SAN FRANCISCO (KPIX) -- A restaurant owner on Treasure Island is leading an effort to help local students struggling with remote learning by giving them a locally-built study desk to call their own.
Two and half years ago, the restaurant Mersea opened on Treasure Island to serve its working-class residents, many who live in crowded project housing. When the pandemic hit, co-owner MeeSun Boice read about a man building student desks for his community and she approached some local carpenters about it.
"And I thought, 'we are a community, we'll pay the materials if you'll partner with us,'" Boice said. "Two days later they had prototypes ready. All of a sudden, the whole shop got excited."
Sunday morning they delivered the first 20 desks. The final design is light and sturdy, with the message "You can do anything" on the front and "Carpe Diem, The Treasure Island Family" on the back.
Twelve-year-old Bruce Hightower arrived with his friend Eli to pick out their desks. Lately Bruce has been working in his living room or kitchen.
"So you would be sitting down and everything's going on around your house just like normal," Hightower said. "And you're, like, 'I'm at school while I'm doing this?' So it's kinda weird."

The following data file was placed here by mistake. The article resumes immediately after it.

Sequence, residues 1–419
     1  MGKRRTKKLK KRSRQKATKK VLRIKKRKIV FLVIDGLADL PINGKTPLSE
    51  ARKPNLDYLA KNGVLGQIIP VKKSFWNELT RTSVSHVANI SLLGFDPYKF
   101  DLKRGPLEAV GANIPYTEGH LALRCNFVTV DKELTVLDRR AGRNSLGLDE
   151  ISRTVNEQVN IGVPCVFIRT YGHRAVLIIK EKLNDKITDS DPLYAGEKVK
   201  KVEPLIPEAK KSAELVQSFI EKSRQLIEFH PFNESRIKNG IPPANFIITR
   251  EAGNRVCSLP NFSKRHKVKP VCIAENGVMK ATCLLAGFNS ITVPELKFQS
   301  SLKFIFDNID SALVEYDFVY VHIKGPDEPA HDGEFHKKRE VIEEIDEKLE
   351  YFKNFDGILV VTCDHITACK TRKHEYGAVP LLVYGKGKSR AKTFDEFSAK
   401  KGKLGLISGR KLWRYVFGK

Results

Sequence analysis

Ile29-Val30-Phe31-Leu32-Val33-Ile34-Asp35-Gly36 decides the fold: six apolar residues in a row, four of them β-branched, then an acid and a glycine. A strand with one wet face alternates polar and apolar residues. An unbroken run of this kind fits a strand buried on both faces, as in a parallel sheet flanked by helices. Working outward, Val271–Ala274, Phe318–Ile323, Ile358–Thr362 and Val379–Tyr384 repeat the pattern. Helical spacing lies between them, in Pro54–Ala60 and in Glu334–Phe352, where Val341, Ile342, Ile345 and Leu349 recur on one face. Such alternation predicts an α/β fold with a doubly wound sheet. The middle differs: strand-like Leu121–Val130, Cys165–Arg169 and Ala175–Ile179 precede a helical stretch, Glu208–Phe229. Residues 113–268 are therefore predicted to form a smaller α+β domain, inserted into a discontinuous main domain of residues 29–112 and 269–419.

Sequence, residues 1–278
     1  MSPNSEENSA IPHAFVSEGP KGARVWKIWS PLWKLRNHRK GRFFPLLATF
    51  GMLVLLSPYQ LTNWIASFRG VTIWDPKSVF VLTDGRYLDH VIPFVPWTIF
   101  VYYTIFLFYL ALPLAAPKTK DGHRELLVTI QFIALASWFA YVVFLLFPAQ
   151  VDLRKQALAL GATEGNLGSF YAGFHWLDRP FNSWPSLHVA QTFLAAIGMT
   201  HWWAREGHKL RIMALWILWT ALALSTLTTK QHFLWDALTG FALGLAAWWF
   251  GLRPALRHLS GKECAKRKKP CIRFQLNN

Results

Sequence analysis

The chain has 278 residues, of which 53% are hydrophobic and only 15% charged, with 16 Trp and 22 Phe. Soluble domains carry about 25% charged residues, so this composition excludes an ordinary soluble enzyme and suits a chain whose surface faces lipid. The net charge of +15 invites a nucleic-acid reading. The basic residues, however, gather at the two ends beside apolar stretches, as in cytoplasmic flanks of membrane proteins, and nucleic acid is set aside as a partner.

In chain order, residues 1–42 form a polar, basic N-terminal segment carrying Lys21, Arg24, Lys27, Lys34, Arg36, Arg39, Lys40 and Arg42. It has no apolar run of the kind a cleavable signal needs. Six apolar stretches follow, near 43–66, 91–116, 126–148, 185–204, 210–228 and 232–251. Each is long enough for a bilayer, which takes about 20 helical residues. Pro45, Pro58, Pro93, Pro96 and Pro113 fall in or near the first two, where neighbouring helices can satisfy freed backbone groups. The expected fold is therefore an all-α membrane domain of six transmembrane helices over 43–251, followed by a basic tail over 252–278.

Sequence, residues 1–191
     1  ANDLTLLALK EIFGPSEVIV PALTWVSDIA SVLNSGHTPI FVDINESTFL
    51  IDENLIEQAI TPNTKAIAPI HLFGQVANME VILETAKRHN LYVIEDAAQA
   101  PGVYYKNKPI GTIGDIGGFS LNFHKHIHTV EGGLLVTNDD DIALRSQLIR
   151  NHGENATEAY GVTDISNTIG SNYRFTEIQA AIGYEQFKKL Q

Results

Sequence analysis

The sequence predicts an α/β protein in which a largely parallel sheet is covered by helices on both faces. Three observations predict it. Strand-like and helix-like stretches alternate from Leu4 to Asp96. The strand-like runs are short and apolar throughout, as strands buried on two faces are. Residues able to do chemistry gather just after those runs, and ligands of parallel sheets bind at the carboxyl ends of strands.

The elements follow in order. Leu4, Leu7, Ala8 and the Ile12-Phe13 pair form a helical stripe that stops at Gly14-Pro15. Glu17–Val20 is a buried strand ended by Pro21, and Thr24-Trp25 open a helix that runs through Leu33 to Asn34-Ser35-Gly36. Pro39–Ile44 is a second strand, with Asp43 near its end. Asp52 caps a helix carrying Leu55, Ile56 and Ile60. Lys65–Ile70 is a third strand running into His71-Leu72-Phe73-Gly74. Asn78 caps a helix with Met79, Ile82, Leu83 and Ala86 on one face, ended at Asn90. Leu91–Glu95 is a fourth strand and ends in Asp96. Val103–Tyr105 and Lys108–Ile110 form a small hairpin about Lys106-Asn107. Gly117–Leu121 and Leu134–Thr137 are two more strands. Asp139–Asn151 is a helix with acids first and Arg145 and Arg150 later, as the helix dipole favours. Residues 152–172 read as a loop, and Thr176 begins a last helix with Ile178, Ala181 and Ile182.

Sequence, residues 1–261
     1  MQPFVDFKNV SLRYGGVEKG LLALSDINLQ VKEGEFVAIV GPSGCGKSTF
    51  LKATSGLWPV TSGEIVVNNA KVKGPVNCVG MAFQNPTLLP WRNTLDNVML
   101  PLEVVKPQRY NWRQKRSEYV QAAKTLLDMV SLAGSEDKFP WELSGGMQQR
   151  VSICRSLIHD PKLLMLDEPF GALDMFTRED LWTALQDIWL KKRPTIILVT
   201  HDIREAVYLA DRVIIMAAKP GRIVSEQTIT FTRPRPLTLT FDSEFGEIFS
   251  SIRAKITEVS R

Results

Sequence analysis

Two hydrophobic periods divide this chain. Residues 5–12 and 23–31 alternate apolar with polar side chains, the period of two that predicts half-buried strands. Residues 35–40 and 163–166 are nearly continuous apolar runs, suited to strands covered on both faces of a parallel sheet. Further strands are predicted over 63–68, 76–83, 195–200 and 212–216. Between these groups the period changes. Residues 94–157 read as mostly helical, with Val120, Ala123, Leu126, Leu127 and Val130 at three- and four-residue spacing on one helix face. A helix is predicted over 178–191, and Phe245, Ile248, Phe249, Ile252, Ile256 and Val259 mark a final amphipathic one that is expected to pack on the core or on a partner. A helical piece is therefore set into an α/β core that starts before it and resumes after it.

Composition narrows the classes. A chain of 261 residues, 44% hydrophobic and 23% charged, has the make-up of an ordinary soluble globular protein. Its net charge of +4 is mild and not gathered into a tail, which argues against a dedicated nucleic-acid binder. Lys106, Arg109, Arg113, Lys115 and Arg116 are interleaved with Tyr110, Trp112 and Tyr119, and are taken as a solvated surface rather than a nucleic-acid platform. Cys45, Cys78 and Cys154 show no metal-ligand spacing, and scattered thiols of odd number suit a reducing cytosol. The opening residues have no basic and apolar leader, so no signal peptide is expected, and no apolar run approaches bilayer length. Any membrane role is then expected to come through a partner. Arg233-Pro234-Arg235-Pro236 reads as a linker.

Mike Farruggia is one of the woodworkers who built the desks and said he understands the need for people of any age to have their own work space.
"I'm a lot older than these kids and I need that space in my house," he said. "It's really important so I get it."
It only took the carpenters about four days to create the first 20 desks and Boice said she is reaching out to other sponsors and hopes to create a desk for every kid on Treasure Island. She said living on the island can be both crowded and isolating at the same time and she hopes that, beyond the practical value, the desks will make the kids feel valued.
"And, you know, have a little space in the house that's all theirs," she said. "That's what we hope will inspire them."
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